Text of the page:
When Should I Change My Furnace's Air Filter?

February 26, 2015

Every once in a while we’re asked what is the best thing that Gainesville area homeowner's can do to maintain their air conditioning and heating system between their scheduled PLUS Maintenance Tune-ups? The answer is simple this; remember to change the heating and air conditioning air filter. Changing furnace and return air filters is critical to the ideal operation of your HVAC system, plus your home's air quality. Research suggests that indoor air pollution is in the top five environmental health risks? You probably don’t consider it as you sit and watch TV, but this is the air you breathe day and night. Changing the air filters is not difficult for most Gainesville homeowners, but there are usually two challenges to actually completing this job:

  1. Knowing just how often to change your furnace or air conditioner filter.
  2. Replacing them at the proper time.

When To Change Your Air Filters

Most filters have a timeline printed on the packaging. It may instruct "Lasts up to 3 months" or "Change filter every 90 days". Check out the filters at the store and you'll see that some are engineered to only last a month, while other manufacturers (like Honeywell) have created media air cleaners with filters meant to be swapped once every 6-12 months. The standard seems to be once every few months for most higher quality filters, but we have a rule of thumb that we recommend our friends and family to go by. If they're dirty, change them! A dirty air filter can exacerbate or cause damage to expensive components, like your compressor, so it's best to change it out more often than to let it go. If you want to listen to the manufacturer's recommended limit, we suggest scribbling the date on the filter when you swap it out, and programming a reminder for yourself in your phone or on a calendar. Also be aware that your filter manufacturer may have a different recommendation from your HVAC unit manufacturer.

Deciding how often to change your air filters hinges on several factors:

  • Which air filter your system requires
  • The entire air quality of your Gainesville area home
  • Pets – Cats, dogs, birds, etc.
  • Number of occupants in the house
  • General air pollution in the Gainesville area or construction taking place nearby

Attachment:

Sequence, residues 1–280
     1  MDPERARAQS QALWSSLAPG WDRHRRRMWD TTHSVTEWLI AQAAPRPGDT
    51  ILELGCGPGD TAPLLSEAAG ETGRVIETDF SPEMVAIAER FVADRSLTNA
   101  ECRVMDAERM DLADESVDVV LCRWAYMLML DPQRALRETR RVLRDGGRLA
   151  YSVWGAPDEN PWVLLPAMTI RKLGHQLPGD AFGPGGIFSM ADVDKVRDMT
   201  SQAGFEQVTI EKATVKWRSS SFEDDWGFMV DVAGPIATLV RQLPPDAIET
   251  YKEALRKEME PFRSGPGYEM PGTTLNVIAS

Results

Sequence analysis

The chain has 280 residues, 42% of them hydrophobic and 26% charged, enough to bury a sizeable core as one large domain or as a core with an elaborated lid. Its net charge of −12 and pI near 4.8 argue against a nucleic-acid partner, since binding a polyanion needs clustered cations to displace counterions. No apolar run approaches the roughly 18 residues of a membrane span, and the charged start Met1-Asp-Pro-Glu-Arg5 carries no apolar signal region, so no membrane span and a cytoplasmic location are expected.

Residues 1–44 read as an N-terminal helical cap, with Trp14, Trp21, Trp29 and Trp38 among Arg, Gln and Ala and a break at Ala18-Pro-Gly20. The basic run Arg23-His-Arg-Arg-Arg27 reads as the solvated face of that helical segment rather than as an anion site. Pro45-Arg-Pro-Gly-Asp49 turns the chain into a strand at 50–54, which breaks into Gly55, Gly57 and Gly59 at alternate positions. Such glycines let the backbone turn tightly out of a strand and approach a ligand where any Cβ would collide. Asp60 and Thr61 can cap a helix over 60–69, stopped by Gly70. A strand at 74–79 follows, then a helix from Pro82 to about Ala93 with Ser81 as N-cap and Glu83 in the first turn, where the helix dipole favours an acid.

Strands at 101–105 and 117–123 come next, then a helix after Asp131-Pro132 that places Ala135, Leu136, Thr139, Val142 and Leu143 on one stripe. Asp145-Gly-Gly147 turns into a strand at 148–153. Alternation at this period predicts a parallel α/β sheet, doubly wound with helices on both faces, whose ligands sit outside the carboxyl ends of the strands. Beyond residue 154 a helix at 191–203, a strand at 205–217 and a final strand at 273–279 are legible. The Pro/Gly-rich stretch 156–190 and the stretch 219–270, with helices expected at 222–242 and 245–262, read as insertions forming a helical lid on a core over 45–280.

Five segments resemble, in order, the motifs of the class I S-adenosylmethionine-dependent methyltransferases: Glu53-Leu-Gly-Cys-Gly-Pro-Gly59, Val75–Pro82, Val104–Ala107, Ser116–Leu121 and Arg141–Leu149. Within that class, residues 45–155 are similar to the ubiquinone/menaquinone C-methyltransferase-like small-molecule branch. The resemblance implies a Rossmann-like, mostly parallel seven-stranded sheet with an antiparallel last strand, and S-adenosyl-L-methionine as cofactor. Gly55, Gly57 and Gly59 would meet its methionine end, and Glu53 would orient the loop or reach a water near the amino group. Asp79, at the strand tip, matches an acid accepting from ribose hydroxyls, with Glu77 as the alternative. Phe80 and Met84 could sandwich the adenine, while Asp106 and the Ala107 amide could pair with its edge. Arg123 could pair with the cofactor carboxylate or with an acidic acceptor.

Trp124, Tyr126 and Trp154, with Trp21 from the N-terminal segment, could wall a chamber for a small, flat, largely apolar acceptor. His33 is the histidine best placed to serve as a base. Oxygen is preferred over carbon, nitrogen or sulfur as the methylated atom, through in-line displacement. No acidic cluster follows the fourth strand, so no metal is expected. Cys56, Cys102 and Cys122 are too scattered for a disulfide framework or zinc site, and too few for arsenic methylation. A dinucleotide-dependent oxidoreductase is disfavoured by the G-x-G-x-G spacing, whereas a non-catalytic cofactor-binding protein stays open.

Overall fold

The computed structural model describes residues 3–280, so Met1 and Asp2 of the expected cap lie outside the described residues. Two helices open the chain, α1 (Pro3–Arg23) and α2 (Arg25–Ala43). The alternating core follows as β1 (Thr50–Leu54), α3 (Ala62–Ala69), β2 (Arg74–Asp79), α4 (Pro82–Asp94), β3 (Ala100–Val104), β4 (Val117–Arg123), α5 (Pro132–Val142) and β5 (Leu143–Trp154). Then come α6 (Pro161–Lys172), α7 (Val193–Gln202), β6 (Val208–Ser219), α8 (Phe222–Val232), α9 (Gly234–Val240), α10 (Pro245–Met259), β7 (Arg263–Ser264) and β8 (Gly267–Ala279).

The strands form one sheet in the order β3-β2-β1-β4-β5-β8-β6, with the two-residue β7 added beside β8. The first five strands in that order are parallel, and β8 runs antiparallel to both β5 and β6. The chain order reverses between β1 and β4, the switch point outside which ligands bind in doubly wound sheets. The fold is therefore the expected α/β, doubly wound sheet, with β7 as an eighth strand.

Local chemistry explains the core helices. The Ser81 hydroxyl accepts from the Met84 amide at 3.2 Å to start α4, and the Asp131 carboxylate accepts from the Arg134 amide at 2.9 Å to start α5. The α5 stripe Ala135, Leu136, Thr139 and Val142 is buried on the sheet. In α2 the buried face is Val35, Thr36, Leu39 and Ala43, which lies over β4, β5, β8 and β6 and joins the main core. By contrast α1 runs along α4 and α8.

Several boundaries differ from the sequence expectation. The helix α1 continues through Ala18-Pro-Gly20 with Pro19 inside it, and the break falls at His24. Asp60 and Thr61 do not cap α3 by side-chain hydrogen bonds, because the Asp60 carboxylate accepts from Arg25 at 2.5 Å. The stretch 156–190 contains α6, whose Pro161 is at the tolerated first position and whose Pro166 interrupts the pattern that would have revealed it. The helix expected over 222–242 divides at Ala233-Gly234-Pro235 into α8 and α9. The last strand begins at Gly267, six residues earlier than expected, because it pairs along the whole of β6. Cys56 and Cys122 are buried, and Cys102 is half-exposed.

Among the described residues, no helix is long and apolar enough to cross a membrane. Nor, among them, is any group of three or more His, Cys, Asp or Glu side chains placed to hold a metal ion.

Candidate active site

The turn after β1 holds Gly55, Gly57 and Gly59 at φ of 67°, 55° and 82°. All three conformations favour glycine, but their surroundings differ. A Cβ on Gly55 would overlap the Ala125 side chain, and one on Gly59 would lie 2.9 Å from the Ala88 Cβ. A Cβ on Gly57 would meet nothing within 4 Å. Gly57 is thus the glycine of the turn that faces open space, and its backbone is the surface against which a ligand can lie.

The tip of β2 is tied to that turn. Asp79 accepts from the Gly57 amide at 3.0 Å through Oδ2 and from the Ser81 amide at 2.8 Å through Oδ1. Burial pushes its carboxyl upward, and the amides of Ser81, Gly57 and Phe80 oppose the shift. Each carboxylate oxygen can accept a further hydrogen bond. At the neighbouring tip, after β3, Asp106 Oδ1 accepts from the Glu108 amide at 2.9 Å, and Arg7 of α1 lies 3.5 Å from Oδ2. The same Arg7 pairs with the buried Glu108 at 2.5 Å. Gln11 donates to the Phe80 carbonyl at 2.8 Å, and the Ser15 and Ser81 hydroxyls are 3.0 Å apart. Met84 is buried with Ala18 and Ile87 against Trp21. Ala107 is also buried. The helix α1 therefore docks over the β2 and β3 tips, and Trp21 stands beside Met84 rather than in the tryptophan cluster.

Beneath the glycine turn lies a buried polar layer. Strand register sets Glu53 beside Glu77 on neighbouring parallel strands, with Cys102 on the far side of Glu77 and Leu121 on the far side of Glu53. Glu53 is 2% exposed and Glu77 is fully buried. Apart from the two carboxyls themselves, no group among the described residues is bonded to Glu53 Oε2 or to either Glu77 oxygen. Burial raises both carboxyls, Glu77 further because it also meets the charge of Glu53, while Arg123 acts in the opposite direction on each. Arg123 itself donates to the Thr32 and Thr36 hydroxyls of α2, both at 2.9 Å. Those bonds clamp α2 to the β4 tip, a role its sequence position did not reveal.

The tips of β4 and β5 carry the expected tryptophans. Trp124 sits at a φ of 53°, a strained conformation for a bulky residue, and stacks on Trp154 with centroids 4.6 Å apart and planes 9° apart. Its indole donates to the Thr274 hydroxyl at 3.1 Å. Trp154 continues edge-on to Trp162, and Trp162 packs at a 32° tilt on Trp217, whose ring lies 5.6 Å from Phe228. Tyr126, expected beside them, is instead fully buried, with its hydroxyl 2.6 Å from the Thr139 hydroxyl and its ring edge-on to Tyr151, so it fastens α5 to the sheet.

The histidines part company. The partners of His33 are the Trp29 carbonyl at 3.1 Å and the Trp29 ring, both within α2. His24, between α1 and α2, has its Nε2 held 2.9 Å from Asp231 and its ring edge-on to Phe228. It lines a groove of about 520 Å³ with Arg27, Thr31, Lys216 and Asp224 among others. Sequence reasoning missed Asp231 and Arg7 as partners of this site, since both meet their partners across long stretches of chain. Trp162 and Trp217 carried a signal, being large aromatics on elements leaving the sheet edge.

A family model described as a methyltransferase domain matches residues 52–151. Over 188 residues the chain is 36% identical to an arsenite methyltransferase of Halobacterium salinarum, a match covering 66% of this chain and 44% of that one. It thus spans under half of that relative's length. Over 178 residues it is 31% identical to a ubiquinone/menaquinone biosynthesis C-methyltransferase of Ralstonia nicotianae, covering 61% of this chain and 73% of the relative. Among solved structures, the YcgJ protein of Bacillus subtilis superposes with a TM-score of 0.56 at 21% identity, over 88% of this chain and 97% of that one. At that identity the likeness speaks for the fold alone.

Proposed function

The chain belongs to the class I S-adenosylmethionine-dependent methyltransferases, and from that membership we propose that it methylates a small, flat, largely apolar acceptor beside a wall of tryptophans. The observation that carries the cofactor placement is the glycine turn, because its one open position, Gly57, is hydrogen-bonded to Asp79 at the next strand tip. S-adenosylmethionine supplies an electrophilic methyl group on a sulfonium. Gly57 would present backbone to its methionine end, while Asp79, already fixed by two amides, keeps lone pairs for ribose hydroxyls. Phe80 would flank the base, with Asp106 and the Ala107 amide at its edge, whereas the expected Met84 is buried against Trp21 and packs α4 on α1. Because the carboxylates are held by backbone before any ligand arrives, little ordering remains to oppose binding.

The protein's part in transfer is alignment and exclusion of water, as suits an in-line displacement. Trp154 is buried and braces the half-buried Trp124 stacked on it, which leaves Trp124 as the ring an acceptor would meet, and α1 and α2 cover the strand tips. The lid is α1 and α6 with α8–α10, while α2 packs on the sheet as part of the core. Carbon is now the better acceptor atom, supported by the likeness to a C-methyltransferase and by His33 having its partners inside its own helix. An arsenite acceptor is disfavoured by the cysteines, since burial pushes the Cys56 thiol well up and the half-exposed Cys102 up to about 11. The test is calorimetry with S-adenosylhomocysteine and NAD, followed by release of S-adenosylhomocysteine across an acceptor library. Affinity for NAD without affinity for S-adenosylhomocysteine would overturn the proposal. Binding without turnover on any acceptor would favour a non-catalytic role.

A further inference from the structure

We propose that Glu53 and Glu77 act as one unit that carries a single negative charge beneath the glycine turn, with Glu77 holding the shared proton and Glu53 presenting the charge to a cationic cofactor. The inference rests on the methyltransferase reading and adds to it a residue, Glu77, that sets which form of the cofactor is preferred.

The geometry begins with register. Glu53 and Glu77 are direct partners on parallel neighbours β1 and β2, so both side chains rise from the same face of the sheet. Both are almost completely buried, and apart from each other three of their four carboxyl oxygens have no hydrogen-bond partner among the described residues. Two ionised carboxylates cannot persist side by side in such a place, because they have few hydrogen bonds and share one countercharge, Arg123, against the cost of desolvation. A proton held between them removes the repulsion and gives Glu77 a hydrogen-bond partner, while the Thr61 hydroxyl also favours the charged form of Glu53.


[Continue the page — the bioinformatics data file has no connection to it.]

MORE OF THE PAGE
For your typical 1"-3" air filters, the OEM specs basically suggest to change them every 30-60 days, which is in fact a great rule of thumb. However, generalities may not be suitable for your specific needs. If you suffer from light to moderate allergies, you might require an upgraded air filter or change them even more regularly than OEM specifications. On the other hand, if you're in a less populated area, own a less occupied home (like a vacation home) or an area with little auto traffic, replacing your air filters each year may be quite sufficient. Why do we call out our beloved pets? They have a tendency to shed, which can clog your air filter quick. Obviously, the air filter is just doing its job by capturing pet hair and dander, but extremely dirty filters can cause diminished HVAC performance.

In summary:

  • Seldom used home or single occupant homes without pets or allergies: Change 6-12 months
  • Typical suburban home without pets: Change every 90 days
  • Add a dog or cat: Change every 60 days
  • More than one pet or have allergies: Change every 30-45 days

How To Remember To Change Air Filters

It's simple; sign up for the Service Experts Email Club. This is a great to receive discounts on service, tips and other helpful information directly to your email. Plus, your email subscription preferences let’s you set a reminder to change your Gainesville area home's air filter every 30, 60, 90, 120 or 365 days, or any date you find most convenient.

How to replace your return air filter

Most people know how to replace the air filter in their system, but some residences have another filter in the return vent. Whether you have one or not is dependent on what your unit's manufacturer recommends. Your HVAC is made to handle a set amount of pressure in your home sweet home, and the more filters you have the more the blower motor works, which can decrease the life of your system if it isn't designed for it. Finding out whether you have a return filter and replacing it is simple:

  1. Find your return air vents.
  2. Some covers have screws and some have tabs. Unscrew or pull tabs to take off the wall.
  3. Inspect for a filter. If one is in place, pull it out and write down the size.
  4. Verify the filter type is the one recommended by the manufacturer.
  5. If filter is dirty, replace with the manufacturer's recommended filter of the same size and type.
Crazy as it may seem, filters can greatly alter your home's airflow, which is why we recommend checking in with the manufacturer. A top tier HEPA filter that is designed to catch tinier particles will restrict airflow more than a cheaper filter. With restricted airflow comes greater pressure on your system, so you ought to verify that your HVAC system was made to handle it. Otherwise, you may experience uneven heating and cooling efficiency in your home, and HVAC parts may wear out much faster than otherwise.

 

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